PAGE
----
Designer Advises Jewelers to Use White Turquoise

White Buffalo Turquoise NecklaceI’m a jewelry designer. My designs made with stones of white turquoise fly out of the galleries of the Southwest. The stone makes for incredibly attractive necklaces, earrings, and rings and more.¬† White Turquoise is wonderful to work with as it goes with anything. Pieces fashioned from the stone sell so well the ink on the pricetag doesn’t dry. Jewelry makers would do well to stoke their creations with the stone, but beware when buying supply: Not all that is white stone with a black matrix is white turquoise.

White turquoise is a stone that can be mistaken for howlite or magnesite. Here’s what I know about the difference between them.

The real white turquoise is not turquoise-colored at all but a white stone with a black matrix. I like to think white turquoise is turquoise before it turned blue and absorbed all that copper over the eons of geologic time. Chemically speaking, turquoise is CuAl6(PO4)4(OH)8.4H2O. Understandably speaking, turquoise is a hydrous phosphate of copper and aluminum, and gets its familiar blue color from the copper. So, if somebody dug up the turquoise before the copper settled in, it would be colorless, hence white turquoise. Right?

White Tortoise Turquoise

White Turquoise from the Tortoise Turquoise mine in Nevada

The real white turquoise is from the Dry Creek Mine in Nevada. Discovered on the Shoshone Indian Reservation in the 1990s, the tribes there didn’t make much jewelry from the white turquoise found litereally in their backyards. The Navajo and Zuni, being master crafters of turquoise jewelry, put the white turquoise to work in their creations much the same as their turquoise-colored turquoise. They called the white variety “sacred buffalo turquoise” because it was as rare as a white buffalo. Or as rare as a plain buffalo for that matter, because as far as I know, there hasn’t been a buffalo sighted in the Navajo Nation for decades. But what do I know.

Howlite is also a white stone with a black matrix. A calcium borosilicate hydroxide, chemically it is Ca2B5SiO9(OH)5. And how did howlite get its name? After Henry, the Nova Scotian geologist, that’s Henry How.¬†Howlite is the white stone often dyed blue and “substituted for turquoise by unscrupulous jewelry dealers” (according to Charlotte Kuchinsky in her AC article, “Howlite: Uncovering the Duality of the Gemstone“). So, if howlite looks like turquoise before the techs turned it blue in the lab, maybe howlite is the stuff in the ground that’s turquoise before copper turned it blue. No. You don’t need to know any chemistry to see that the chemical formulae for turquoise and howlite are sufficiently different, with or without the copper (Cu), to be very different rocks from one another.Magnesite is yet another white stone with a black matrix. A carbonate of magnesium, magnesite is MgCO3, and is named after, well, magnesium the element. And the only thing it has in common with white turquoise and howlite is that it is yet another white stone with a black matrix.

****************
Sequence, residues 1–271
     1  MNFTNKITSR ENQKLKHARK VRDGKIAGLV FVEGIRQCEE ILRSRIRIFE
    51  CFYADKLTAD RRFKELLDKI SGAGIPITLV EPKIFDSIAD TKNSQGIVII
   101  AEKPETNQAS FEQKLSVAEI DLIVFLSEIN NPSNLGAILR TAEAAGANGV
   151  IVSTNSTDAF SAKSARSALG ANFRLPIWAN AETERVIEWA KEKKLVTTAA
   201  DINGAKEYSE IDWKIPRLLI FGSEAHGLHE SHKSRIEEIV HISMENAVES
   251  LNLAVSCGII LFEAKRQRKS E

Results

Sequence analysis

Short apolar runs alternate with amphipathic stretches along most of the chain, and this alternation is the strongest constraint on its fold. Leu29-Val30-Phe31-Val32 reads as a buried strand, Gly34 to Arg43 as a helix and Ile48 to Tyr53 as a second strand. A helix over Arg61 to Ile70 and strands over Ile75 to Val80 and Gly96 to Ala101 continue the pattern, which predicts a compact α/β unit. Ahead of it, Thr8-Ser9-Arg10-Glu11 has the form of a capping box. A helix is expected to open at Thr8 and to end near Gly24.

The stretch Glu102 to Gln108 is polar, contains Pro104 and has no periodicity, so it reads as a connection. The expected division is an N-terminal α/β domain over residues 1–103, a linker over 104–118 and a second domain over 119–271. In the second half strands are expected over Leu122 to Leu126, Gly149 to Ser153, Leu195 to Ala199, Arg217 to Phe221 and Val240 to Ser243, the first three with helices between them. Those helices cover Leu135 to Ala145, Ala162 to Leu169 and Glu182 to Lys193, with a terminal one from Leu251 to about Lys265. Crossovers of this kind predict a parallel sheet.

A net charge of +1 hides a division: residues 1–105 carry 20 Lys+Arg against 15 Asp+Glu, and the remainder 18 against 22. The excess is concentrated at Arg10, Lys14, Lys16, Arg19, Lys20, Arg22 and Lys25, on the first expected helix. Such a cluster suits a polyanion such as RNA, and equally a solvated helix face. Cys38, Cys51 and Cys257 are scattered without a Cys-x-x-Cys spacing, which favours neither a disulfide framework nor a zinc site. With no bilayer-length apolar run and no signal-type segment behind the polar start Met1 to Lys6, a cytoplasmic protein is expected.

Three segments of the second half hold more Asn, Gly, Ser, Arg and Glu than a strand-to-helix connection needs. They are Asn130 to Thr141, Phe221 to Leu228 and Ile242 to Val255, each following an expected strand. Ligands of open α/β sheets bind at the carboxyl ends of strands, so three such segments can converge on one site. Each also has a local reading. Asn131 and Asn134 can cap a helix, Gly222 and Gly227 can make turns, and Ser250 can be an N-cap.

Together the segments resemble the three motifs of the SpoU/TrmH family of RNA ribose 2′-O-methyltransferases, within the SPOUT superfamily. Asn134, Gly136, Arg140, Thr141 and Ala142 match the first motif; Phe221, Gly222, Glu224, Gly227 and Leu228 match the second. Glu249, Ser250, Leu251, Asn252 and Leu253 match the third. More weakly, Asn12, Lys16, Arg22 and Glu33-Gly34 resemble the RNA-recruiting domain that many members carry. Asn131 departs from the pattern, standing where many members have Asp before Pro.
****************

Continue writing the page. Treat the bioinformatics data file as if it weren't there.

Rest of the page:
Wild Horse White Turquoise

Wild Horse from Arizona, USA

So where’s all that difference between the fakes and the real thing? The fact is that they are all beautiful white stones with a black matrix and none of them are fakes for a white stone with a black matrix. What you call them may be the same or may be different. Call them what you will. Call them by whatever the seller said they were. The fact is you’ll never know if they’re different from what somebody says they are or what you bought them as. Oh, you can pulverize your necklace and put it through an elemental analysis to know whether you have white turquoise, howlite, or magnesite. For myself, I’d rather have the necklace and enjoy it for the beauty I bought it for.
I do know that the white turquoise I have as my jewelry supply was sold to me as white turquoise. I do not know what ground, mine, or country it came from before it was sold to me. And I didn’t think of asking, being the trusting soul that I am. The stones were gorgeous, the white ones in a black matrix, and I paid a fair price for the rather ample supply I purchased (although I paid an unfair price for the airline’s over-limit weight charges to get it on the plane).

Lovely to look at and interesting to wear, all of them–white turquoise, howlite, and magnesite– were created equal in the eyes of Mother Earth and destined to display their majesty through the artistry of jewelers who see lovely white stones with a black matrix and call them beautiful.

Written by Lorrain Yapps Cohen


Comments are Disabled